Off with the old, on with the new…


I came back to Montreal two weeks ago to take care of some accounting and maintenance on the Jeep. I’ve had an intermittent problem with random high/low voltage codes on some oxygen sensors (a common problem on Jeeps, apparently), along with some annoying audio switching issues. My theory was either a struggling alternator, tired battery, or bad ground. I changed the alternator for a Mean Green model, but this didn’t help, although I’m sure it’ll be useful to recharge the backup & trailer batteries much quicker. ;-)

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Don’t assume you know…


Several months ago, I read about a relationship game where one partner would summarize what the other had said (their feelings, points of view, etc.), and validate 3 aspects of that summary (start your 3 questions with “Do you mean…”). The idea is to try and get three “yeses” from your partner. It’s actually much more challenging than you might think. :) First, you have to find 3 things to validate, which means you have to try and understand their point of view more than you normally would — we have a tendency to “half listen” because our egos are already projecting what we think the other is saying, and jumping ahead to a conclusion (so we can formulate a reply). :) This game forces us to slow down and really listen to what our partner is saying — and even then, you’d be surprised how wrong your understanding can be. ;-)

I learned of this game too late to help in my last relationship — by the time a relationship is unravelling, your ego is adding so much context to what your partner is saying that it becomes almost impossible to hear or understand what they’re really saying under all those projected layers. You may not want to understand what your partner saying either — that might change the position you’ve defended for months or years, and the game becomes more of  an internal struggle to avoid asking those questions that might actually be helpful. :)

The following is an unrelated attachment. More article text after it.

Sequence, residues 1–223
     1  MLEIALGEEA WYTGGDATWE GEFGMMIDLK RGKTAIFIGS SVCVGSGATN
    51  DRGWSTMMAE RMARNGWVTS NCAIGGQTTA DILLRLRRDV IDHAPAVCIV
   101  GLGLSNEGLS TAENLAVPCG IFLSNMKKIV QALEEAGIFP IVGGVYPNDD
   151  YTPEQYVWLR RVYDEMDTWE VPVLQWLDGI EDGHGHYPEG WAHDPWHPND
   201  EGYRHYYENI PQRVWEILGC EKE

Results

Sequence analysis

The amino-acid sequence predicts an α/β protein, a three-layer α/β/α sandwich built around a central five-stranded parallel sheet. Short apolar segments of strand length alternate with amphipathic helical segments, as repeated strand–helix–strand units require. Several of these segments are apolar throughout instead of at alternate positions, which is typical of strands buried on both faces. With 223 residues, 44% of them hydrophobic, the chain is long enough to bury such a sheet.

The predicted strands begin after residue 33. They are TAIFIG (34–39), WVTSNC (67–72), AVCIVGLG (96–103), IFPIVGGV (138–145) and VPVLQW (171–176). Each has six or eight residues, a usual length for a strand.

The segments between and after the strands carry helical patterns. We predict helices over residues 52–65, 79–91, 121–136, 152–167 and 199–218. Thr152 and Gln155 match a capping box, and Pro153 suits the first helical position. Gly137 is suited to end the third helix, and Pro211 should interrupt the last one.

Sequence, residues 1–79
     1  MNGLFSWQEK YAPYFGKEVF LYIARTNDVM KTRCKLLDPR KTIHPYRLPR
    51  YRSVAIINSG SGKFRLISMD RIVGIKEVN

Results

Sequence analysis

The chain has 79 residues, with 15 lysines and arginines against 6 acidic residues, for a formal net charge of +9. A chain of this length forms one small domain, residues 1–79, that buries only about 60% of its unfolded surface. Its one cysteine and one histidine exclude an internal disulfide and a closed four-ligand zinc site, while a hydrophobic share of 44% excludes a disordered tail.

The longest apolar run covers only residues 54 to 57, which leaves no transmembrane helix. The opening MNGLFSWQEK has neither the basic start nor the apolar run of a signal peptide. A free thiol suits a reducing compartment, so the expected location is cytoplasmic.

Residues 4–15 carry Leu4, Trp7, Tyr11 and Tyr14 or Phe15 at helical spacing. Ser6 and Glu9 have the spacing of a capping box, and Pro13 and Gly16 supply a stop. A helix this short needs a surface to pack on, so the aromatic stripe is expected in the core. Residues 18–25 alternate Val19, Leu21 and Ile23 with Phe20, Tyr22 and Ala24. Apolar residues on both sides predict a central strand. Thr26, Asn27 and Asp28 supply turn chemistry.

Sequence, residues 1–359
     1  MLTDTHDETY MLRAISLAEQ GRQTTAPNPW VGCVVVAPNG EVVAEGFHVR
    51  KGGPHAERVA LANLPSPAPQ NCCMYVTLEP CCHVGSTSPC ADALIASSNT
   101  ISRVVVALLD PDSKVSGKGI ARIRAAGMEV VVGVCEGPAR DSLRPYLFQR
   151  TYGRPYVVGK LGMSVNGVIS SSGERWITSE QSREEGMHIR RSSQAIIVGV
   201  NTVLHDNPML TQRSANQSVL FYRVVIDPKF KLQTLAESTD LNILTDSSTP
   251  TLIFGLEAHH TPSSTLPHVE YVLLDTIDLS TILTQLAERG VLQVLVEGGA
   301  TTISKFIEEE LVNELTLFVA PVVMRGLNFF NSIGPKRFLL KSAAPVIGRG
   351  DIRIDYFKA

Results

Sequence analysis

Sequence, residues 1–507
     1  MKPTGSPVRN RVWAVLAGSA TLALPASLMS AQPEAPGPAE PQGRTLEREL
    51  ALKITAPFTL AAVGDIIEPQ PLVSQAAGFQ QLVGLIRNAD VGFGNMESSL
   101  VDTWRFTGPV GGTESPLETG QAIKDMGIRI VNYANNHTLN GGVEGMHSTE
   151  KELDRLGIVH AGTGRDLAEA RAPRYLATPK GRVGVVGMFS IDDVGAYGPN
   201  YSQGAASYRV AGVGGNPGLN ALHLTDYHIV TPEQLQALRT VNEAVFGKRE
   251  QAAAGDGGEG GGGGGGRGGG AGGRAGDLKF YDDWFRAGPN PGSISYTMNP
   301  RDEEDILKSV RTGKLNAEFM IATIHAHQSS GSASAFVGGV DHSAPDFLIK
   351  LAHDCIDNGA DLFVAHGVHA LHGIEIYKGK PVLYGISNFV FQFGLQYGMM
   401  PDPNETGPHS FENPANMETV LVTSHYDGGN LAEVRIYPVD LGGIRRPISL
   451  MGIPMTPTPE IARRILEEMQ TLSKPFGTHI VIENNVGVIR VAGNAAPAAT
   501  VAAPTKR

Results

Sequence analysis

In the future, I hope to use this game as something fun to play with — acknowledge that misunderstanding our partners is unavoidable, and see if each of us can understand what the other is trying to say enough to get three “yeses”. ;-)

Categories: Reflections | Comments Off on Don’t assume you know…

How do you handle seemingly impassable obstacles?


Hanging-out in a hammock is a good place to think sometimes — especially if you’re alone. :) This afternoon I was pondering my reactions and decisions to some difficult situations this past year. I noticed a common behaviour in how I handle problems in general… When confronted with a problem — a really difficult, impassable problem — I’ll tend to give up on it at some point, set it aside and focus on something else. Some time later — weeks or months later — I’ll come back and see if something has changed; maybe the problem isn’t as important anymore, maybe something has changed and it fixed itself, maybe I have a different outlook and now have a solution… This could be a typical “Man Thing”, where we retreat into our “Man Caves” to get away from things for a while and come back refreshed — but I’m fairly certain this is also a learned behaviour. This kind of “obstacle handling” has worked for me successfully ever since I can remember.